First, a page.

In the beginning there was a Mom and her child and it was good. And they bought some books and began home learning and their lives were enriched. Then co-op started and the child took seven classes and Mom taught two and they also began piano lessons and soccer and equestrian vaulting, because who would pass up an opportunity like that? They also participated in 4-H and community service and volunteered at the Food Bank. In order that this child should not be left behind and should also have not one single hole in her education, Mom also enrolled her in classes with the nice lady next door, a former school teacher, now a tutor. And it was not so good any more and Mom hid in the bathroom and cried and the child practiced piano and pen-and-ink drawing and equestrian vaulting on the barrel horse Dad built in the back yard and handwriting and Latin and Spanish and creative writing and algebra and soccer and finally Dad came home one night and no one even noticed that he was there. And this was not so good.
It's so easy to get caught up in the stuff that we forget what's really important to us and our children. These things may be different for each family. For ours, it's the ability to move at our own pace and to learn quietly at home. I've been soccer mom, baseball mom, horse show mom, high school athlete mom and more. It's fun and exhausting and I'm done with that for now. I have kids who are basically grown and whatever holes I left seem to have filled in on their own. At this point in my life I have realized that it is okay to pick one thing and do it well and that it's okay to look past great opportunities every so often. We cannot do it all. My Dad's famous advice is true, "People are like tires. Every one has a flat spot," and that's okay. I also believe that sometimes our flat spots are what make us who we are.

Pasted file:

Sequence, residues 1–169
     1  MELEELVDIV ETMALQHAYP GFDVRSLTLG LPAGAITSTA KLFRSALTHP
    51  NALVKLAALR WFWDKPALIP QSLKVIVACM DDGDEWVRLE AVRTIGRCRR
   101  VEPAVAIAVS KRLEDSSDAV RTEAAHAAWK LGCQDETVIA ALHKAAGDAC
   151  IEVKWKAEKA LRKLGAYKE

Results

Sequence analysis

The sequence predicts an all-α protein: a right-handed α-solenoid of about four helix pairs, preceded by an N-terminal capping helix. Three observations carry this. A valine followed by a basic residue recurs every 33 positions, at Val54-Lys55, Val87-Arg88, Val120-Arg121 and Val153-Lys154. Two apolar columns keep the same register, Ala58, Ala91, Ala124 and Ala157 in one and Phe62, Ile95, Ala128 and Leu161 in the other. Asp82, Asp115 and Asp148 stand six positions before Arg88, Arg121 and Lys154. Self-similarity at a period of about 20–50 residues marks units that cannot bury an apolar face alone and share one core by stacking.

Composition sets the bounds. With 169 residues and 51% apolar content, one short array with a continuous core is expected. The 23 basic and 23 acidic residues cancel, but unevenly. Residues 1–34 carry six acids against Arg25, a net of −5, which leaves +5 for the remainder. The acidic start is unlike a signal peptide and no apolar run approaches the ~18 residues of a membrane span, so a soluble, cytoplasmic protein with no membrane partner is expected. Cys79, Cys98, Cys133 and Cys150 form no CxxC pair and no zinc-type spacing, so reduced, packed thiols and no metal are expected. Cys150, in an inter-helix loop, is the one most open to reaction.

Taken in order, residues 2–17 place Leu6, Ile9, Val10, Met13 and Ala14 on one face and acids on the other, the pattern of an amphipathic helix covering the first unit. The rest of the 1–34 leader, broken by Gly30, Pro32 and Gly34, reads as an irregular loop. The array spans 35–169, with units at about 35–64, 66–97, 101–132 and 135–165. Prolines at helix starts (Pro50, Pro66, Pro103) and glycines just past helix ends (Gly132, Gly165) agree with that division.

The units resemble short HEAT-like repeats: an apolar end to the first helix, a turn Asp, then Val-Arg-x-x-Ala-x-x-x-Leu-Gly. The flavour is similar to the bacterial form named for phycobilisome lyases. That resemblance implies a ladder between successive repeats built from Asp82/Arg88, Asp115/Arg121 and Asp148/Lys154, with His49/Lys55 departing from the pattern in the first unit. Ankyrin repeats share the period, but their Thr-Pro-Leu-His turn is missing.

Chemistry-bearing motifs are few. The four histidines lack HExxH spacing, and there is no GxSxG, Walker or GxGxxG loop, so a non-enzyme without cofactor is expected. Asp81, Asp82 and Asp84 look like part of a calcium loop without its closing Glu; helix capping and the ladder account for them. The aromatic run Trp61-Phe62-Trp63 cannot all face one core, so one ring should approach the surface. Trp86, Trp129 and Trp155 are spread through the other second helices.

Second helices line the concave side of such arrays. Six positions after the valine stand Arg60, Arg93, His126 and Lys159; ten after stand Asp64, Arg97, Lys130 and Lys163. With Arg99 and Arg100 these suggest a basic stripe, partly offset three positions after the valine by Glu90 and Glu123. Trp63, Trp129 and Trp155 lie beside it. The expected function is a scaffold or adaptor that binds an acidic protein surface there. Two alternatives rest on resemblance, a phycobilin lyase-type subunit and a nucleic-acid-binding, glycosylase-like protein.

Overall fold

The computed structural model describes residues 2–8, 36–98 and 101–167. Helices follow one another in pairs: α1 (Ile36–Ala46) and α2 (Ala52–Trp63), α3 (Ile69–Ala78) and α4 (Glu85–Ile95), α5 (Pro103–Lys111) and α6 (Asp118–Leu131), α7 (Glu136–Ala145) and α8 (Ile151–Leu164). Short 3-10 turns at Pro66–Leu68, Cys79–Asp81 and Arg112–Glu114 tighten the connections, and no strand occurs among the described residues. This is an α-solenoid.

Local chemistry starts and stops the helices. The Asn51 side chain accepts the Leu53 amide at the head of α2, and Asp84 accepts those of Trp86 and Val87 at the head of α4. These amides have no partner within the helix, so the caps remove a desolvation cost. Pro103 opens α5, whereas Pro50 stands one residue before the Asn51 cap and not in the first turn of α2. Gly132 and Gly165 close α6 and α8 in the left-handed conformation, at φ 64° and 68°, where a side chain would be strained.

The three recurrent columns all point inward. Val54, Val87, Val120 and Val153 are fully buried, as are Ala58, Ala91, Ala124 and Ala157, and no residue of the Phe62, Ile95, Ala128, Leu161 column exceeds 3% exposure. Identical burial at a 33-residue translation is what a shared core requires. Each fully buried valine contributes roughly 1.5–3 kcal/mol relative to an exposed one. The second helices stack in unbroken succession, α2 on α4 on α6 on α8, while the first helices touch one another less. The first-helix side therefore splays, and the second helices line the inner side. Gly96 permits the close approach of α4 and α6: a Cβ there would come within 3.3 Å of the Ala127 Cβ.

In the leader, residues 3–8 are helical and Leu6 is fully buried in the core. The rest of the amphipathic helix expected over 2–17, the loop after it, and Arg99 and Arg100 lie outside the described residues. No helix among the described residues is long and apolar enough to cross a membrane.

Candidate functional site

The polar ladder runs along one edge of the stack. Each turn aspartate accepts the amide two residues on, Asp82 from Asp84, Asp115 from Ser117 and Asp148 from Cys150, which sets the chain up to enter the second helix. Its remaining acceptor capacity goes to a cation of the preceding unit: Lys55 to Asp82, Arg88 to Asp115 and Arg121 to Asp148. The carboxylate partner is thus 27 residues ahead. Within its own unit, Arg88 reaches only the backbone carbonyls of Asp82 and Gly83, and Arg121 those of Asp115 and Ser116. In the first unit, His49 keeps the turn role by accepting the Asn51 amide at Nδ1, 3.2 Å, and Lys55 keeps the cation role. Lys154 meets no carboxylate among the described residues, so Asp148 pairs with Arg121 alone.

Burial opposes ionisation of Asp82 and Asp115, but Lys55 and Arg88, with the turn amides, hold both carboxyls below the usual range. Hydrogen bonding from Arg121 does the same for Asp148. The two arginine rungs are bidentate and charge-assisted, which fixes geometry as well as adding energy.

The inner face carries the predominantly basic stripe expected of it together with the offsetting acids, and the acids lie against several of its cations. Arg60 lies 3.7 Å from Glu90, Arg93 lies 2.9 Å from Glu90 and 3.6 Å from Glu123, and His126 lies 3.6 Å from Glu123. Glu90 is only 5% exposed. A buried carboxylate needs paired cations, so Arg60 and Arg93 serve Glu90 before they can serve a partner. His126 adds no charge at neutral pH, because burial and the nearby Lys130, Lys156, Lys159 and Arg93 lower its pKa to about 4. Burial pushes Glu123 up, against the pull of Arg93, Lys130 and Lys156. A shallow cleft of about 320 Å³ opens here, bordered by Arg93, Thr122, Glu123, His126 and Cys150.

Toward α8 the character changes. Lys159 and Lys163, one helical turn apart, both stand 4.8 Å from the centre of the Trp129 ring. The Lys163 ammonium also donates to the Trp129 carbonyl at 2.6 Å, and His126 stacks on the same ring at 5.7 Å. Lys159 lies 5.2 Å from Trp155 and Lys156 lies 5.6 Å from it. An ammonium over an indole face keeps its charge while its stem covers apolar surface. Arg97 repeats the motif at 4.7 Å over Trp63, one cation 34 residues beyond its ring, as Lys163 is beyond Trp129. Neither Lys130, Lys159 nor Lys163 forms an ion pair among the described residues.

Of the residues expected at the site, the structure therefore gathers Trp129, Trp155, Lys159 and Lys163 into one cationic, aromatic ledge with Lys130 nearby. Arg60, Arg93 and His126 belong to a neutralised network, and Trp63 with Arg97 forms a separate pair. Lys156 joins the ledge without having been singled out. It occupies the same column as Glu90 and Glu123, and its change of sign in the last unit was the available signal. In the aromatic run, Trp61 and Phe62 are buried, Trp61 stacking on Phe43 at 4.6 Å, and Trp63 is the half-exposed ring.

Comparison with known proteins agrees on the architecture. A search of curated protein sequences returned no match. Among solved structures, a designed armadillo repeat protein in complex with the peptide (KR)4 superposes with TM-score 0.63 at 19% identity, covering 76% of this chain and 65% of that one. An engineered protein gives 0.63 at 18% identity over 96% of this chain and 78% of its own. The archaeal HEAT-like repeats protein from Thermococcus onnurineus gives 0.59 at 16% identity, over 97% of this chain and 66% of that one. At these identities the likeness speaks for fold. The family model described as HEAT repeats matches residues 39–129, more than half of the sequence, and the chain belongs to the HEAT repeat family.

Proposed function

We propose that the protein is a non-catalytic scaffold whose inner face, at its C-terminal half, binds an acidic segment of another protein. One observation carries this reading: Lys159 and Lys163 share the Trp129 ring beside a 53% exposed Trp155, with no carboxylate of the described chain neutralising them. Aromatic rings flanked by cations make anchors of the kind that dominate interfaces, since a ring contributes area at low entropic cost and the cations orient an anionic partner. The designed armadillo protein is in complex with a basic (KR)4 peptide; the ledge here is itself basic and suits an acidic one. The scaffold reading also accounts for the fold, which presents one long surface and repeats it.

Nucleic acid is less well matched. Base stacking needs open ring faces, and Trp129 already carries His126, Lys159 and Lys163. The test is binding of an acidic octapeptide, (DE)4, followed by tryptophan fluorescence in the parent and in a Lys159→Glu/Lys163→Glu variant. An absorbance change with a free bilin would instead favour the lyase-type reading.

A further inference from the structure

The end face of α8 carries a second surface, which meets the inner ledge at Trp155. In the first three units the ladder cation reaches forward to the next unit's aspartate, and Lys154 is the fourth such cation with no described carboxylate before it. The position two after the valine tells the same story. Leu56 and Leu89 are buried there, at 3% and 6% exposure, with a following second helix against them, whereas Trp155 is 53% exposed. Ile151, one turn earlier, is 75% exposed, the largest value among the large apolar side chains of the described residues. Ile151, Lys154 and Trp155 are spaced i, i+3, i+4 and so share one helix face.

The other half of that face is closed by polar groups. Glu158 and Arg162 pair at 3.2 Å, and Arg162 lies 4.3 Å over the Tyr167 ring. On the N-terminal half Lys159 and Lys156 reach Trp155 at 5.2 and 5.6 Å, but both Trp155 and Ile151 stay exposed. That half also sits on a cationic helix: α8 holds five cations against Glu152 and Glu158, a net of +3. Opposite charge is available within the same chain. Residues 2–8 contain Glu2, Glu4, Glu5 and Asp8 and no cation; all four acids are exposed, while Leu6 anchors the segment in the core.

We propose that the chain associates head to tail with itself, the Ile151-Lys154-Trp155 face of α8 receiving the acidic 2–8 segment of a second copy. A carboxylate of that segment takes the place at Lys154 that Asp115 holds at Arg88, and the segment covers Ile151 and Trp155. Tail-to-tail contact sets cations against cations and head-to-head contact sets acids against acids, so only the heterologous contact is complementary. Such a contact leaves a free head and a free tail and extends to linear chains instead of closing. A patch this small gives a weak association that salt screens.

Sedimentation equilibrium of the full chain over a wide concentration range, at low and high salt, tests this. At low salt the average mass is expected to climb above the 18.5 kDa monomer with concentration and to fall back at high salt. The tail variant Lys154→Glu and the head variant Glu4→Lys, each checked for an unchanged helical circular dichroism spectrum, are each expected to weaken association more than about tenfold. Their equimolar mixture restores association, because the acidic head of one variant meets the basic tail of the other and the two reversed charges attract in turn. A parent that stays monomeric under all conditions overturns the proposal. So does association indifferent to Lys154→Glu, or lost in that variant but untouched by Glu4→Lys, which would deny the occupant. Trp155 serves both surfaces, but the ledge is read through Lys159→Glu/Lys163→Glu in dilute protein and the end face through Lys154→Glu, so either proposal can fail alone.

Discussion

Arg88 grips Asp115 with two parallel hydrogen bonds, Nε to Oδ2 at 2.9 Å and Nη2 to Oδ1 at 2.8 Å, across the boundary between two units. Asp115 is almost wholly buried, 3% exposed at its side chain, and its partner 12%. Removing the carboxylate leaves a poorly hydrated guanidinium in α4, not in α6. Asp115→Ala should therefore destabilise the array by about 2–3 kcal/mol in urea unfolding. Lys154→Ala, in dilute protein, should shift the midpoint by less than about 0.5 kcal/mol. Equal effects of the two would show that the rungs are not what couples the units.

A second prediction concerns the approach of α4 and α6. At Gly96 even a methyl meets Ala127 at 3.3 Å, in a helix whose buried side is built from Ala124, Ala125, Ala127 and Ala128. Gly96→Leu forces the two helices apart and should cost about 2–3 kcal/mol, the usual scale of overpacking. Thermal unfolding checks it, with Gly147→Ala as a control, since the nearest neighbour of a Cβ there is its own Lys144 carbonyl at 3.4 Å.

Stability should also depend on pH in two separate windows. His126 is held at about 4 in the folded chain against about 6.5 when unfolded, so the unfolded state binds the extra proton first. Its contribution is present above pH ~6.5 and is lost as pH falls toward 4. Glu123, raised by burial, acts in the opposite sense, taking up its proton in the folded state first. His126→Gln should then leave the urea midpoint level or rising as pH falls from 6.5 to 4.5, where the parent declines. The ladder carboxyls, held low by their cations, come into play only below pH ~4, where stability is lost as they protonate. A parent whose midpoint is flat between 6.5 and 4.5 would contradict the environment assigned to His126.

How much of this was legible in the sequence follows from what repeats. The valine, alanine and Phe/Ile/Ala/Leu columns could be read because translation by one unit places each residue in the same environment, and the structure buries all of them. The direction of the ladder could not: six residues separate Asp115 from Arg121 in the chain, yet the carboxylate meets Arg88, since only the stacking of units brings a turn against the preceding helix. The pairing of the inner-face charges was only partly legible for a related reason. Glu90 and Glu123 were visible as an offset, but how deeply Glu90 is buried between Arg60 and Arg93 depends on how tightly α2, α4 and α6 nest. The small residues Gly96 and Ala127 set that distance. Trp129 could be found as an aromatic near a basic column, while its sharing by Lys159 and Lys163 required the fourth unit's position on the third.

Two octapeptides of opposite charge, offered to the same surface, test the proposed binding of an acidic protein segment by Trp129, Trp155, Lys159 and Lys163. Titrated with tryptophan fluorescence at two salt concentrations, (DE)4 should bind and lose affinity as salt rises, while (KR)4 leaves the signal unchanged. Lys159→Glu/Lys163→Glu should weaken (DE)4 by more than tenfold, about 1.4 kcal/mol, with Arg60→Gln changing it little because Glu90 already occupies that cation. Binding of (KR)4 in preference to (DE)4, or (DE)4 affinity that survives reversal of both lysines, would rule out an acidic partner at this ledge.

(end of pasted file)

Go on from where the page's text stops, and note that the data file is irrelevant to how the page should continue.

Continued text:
Living in an area with an active homeschooling community is fabulous. I greatly admire those adults who get out there and do things like found a co-op or sponsor a Creative Writing Contest. These things can be wonderful for homeschooling parents who are hoping to find a friends for their children, chat with other adults or who pine after one special class that they just cannot teach at home. Often these things can be found (or founded) at your homeschooling co-op. It is also possible, though, that your days will be eaten up by lessons and classes and sports to the point that you can no longer realistically call what you do 'homeschooling' because little or none of the learning is done at home. When this happens you might want to examine if any in-depth learning is happening, regardless of where, and make sure that you are satisfied with the answer.
Something that has been immensely helpful to my family is for the parents to sit down and make a list of what's important to us. Here are a few of our categories: how much family time do we want; what do we want our children to believe is important; what subjects do we want or need to focus on with the children; where do we want to spend our discretionary dollars; how much are we going to spend on purchased curricula; where will our children's social life happen--at co-ops or park days or play dates, etc; what sort of adults do we want our children to become; what are we doing to help them become those people. These questions, or ones you make up for your family and circumstances, help to focus your thoughts away from the smörgåsbord of activities and put them back on your children and their education and upbringing.
It's always difficult to look away when you see a message offering Junior Toastmasters or Monart at the local co-op but if it's not on your list, it becomes a bit easier. It also helps to have a couple of kids who are turning into the wonderful people you dreamed of way back when.
Bettina Colonna Essert is a native of the Virginia/North Carolina borderland. She currently lives on a 'farmette' in rural NE NC with her husband, 2 home schooled children and a menagerie of farm animals. Bettina is an Equine Sports Massage Therapist and also handcrafts a line of fine, organic bath products, Alchemy Redefined.